Eating out in Edinburgh

Edinburgh has become one of the UK's top foodie destinations, boasting a large and diverse collection of restaurants. The options are endless; be it traditional Scottish fare in a cosy pub, seafood along the docks, or international cuisine at one of the many unique neighbourhood cafés and bistros.

With a handful of Michelin stars and numerous celebrity chefs in residence, the Scottish capital also offers expats some truly innovative and imaginative fine dining options.

Nightlife in Edinburgh

In a city of countless watering holes, expats will soon find out how intoxicating the Edinburgh nightlife can be. Pubs, whether historic taverns or chic bars, are at the heart of the city’s social culture.

From a wild night of pub crawls and clubbing, to a mellow evening at the theatre or comedy club, Edinburgh has something for everyone.

The cobbled streets of Old Town offer a huge selection of lively bars and pubs, with a wealth of options around Grassmarket and Victoria Street, and some cheerful choices surrounding the university. A number of dedicated live music venues can be found in Cowgate, and the area around the George IV Bridge is a great place to go for cocktails.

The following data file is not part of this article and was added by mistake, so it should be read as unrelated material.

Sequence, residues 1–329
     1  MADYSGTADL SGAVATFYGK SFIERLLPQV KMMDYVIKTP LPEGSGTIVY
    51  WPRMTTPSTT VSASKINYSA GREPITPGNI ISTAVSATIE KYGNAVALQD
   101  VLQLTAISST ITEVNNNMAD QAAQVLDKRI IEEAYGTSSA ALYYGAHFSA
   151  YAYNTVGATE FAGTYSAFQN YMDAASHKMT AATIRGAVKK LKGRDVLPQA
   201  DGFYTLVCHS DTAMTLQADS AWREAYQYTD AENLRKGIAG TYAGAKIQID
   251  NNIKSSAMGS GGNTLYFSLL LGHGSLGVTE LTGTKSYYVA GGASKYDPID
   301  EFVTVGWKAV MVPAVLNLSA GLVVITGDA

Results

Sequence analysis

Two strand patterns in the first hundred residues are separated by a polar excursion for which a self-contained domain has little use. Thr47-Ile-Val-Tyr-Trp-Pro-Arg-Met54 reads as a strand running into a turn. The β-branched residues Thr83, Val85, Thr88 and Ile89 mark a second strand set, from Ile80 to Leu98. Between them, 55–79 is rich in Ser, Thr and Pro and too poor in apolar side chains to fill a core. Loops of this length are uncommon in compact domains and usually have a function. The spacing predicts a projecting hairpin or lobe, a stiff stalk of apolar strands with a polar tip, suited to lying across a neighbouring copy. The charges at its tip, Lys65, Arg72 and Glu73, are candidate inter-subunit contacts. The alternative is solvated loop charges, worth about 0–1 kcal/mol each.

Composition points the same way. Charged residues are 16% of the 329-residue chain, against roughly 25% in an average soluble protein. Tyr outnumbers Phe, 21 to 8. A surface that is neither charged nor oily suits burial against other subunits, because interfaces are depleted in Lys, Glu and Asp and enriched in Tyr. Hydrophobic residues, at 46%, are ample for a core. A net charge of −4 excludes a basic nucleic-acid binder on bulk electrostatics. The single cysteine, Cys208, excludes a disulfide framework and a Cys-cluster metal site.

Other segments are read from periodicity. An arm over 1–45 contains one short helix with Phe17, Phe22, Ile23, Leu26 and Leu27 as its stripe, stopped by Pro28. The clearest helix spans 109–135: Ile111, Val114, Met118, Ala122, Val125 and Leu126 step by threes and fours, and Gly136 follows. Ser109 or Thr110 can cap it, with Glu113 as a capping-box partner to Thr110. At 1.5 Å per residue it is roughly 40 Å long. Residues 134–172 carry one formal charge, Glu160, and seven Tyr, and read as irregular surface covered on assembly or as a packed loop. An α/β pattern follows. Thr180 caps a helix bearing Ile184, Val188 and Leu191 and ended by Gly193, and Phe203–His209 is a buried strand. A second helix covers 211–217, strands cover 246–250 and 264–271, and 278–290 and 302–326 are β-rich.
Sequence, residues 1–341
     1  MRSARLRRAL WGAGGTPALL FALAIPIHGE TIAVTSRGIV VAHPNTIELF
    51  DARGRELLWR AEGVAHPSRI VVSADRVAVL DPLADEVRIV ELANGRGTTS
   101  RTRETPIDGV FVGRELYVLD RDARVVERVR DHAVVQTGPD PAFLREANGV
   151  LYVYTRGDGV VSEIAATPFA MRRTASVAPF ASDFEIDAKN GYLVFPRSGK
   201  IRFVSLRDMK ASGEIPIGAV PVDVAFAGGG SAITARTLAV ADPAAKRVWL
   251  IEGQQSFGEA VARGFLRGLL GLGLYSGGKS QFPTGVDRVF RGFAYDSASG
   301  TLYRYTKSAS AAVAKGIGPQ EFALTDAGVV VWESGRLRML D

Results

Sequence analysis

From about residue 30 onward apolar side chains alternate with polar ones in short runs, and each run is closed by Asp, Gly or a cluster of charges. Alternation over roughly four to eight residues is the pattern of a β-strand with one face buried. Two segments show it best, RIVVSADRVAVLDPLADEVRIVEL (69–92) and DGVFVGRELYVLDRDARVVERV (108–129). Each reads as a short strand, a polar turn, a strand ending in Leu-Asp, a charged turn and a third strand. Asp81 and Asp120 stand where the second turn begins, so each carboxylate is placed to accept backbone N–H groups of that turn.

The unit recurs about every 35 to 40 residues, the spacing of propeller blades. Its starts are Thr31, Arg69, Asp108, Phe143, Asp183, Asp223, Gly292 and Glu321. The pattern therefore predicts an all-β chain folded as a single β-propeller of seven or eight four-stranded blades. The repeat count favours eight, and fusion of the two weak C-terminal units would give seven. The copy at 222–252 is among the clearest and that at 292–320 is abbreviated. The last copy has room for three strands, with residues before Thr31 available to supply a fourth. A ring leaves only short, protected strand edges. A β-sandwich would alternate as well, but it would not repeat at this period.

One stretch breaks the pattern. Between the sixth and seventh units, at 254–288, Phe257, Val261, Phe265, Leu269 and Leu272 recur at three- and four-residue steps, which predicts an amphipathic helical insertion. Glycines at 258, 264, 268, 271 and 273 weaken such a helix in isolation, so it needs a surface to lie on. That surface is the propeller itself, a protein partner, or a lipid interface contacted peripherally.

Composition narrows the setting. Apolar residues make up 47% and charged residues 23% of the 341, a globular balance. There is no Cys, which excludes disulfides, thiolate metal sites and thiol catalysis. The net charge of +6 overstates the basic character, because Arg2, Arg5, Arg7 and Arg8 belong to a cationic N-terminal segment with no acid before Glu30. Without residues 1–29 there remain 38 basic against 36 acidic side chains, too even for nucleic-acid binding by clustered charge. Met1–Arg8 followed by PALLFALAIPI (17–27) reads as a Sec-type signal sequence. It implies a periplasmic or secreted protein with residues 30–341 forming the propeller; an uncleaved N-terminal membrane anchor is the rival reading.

New Town is home to some of the city’s best bars and nightclubs, particularly along the upmarket George Street, and Leith has become a trendy hangout boasting numerous restaurants and bars.

See and Do in Edinburgh

Edinburgh is a beautiful and historic city full of exciting places to explore and spectacular annual events to enjoy. The city is also well-connected with the rest of the UK, making day trips to other parts of scenic Scotland very accessible. Here are some of Edinburgh's best offerings of things to see and do. 

Recommended attractions in Edinburgh

Edinburgh Castle

This old and magnificent fortress was once home to kings and queens and has been involved in numerous historic conflicts. A centre point of the city, the castle deserves an afternoon for a full tour – and don't forget to catch the magnificent view of Edinburgh from outside the castle.